Questo articolo è disponibile anche in: Italiano

3 min lettura - read

Restored velarium at at the Cagnoni Theatre in Vigevano:  a rare case of a velario preserved in its original location.

It is a work by the painter Giovan Battista Garberini entitled The Siege of Vigevano.

The restoration was financed thanks to a fundraiser organised by the Associazione Amici del Teatro Cagnoni  and the Fondazione Piacenza Vigevano.

Sipario alla ribalta, written by Edoardo Maffeo, Dino Rabai, Giovanni Borroni and Pier Luigi Muggiati and published by Ievve, is dedicated to this work.

Sipario alla ribalta was published with the contribution of ASM Energia, Amici di Palazzo Crespi, Soroptimist Lomellina and the patronage of the Municipality of Vigevano

On Saturday 9 March at the Teatro Cagnoni foyer, the authors held the book presentation as speakers.


Edoardo Maffeo edited the part of the book concerning a careful biography of the Vigevano painter Giovan Battista Garberini.

Dino Rabai recounted what Vigevano was like at the end of the 19th century through meticulous research based on historical archives, interweaving his talk with curious and interesting information and anecdotes.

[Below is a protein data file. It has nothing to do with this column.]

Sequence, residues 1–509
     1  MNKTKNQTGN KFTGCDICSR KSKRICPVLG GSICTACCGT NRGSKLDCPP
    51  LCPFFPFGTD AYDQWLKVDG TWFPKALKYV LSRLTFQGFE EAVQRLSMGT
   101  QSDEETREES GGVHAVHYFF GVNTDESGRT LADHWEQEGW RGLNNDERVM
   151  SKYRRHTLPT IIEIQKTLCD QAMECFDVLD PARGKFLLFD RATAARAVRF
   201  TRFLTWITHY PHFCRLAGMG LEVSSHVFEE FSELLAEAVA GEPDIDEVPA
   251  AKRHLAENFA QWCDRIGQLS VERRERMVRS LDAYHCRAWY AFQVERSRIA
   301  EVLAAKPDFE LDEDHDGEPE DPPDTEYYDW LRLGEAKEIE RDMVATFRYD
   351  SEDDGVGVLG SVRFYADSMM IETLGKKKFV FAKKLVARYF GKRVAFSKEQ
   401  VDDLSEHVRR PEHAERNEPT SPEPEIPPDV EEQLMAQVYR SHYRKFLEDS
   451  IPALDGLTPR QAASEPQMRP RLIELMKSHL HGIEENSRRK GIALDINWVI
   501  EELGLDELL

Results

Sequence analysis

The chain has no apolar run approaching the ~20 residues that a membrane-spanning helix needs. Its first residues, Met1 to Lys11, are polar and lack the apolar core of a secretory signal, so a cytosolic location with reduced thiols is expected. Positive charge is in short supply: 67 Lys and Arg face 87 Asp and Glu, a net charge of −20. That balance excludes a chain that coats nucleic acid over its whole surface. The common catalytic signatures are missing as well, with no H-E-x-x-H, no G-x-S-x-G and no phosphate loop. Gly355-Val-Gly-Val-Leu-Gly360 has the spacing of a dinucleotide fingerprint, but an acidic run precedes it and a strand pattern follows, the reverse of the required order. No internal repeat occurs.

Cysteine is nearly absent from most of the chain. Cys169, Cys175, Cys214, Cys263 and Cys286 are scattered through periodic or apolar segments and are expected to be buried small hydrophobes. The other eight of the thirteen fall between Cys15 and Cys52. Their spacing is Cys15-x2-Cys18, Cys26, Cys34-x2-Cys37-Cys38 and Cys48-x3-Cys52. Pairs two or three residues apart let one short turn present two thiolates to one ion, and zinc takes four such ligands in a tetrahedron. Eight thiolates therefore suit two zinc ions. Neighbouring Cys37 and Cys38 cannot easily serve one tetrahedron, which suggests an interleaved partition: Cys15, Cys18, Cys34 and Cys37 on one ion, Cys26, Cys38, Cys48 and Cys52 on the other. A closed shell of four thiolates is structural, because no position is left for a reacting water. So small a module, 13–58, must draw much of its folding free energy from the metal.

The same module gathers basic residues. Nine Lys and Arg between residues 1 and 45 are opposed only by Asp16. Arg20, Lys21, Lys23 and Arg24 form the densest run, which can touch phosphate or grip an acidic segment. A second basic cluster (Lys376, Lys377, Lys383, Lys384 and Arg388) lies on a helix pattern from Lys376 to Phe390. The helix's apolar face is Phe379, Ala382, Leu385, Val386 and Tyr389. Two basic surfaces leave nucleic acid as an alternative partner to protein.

Giovanni Borroni dealt with the historiography of the 19th century on a national and international level as a century of important changes.

His speech offered a series of reflections that I really recommend not to miss: he himself called it a short chronology of a long century actually a long chronology of a short century.

I also leave you with the question that Giovanni Borroni asked those present: what is the historiographical sense of dividing history into centuries?

Pier Luigi Muggiati reassembled the historical facts, providing a precise reconstruction beyond the legend that has been handed down over time and revealing a particularly relevant detail.

But let us take a step back and return to the Siege of Vigevano portrayed on the velarium: if you pause to look at the scene depicted, you will notice that women are portrayed in the centre.

They are the ones strenuously defending the breach from the invaders commanded by Francesco Sforza, led by the woman depicted as a heroine in shining armour with drawn sword.

We have always known this character as Camilla Rodolfi.

However, Camilla Rodolfi is not a real woman: the name Camilla was inspired by the character in the Aeneid, while the surname Rodolfi belonged to an important family from Vigevano.

A woman who undoubtedly deserves mention is Pinin Brambilla Barcilon famous for the restoration of the Cenacolo: she was also the restorer of the Garberini’s velari, the book includes her report kept at La Venaria Reale

Giovan Battista Garberini also painted a second curtain entitled La Festa sul Ticino

Did you know that the curtain or velarium is also called a ‘comodino’ that more or less means handy?

E scondo te? And in your opinion?x

Pin It on Pinterest

Share This